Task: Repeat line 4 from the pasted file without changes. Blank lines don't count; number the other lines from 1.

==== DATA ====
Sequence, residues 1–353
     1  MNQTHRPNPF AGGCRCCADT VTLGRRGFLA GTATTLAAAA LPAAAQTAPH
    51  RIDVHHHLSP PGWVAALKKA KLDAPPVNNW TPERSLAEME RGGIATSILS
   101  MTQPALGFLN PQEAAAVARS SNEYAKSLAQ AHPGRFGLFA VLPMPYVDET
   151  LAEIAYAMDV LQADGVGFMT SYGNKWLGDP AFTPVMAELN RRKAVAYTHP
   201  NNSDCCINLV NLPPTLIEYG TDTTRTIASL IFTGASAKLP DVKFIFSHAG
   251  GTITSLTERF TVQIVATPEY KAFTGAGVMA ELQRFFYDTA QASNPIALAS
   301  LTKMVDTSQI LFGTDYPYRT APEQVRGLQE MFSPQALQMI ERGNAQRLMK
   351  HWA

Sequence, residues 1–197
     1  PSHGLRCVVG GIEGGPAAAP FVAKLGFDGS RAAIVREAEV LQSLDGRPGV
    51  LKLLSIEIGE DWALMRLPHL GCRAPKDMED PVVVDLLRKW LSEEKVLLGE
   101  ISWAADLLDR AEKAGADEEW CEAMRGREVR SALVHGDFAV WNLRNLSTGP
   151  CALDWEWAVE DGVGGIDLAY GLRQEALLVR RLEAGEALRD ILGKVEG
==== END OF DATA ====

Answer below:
   101  MTQPALGFLN PQEAAAVARS SNEYAKSLAQ AHPGRFGLFA VLPMPYVDET